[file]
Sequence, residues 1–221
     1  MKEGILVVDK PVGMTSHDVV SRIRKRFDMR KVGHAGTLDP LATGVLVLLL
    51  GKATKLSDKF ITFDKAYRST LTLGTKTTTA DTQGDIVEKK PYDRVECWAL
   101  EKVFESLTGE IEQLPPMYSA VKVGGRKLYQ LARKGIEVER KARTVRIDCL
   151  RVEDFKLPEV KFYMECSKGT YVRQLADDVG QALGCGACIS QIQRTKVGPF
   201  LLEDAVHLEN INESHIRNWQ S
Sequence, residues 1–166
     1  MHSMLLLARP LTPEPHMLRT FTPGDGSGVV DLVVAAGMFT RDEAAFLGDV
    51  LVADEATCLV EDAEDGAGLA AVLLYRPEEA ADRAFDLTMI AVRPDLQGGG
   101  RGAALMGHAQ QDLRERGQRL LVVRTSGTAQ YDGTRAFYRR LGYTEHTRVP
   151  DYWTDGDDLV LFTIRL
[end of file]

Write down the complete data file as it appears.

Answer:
Sequence, residues 1–221
     1  MKEGILVVDK PVGMTSHDVV SRIRKRFDMR KVGHAGTLDP LATGVLVLLL
    51  GKATKLSDKF ITFDKAYRST LTLGTKTTTA DTQGDIVEKK PYDRVECWAL
   101  EKVFESLTGE IEQLPPMYSA VKVGGRKLYQ LARKGIEVER KARTVRIDCL
   151  RVEDFKLPEV KFYMECSKGT YVRQLADDVG QALGCGACIS QIQRTKVGPF
   201  LLEDAVHLEN INESHIRNWQ S
Sequence, residues 1–166
     1  MHSMLLLARP LTPEPHMLRT FTPGDGSGVV DLVVAAGMFT RDEAAFLGDV
    51  LVADEATCLV EDAEDGAGLA AVLLYRPEEA ADRAFDLTMI AVRPDLQGGG
   101  RGAALMGHAQ QDLRERGQRL LVVRTSGTAQ YDGTRAFYRR LGYTEHTRVP
   151  DYWTDGDDLV LFTIRL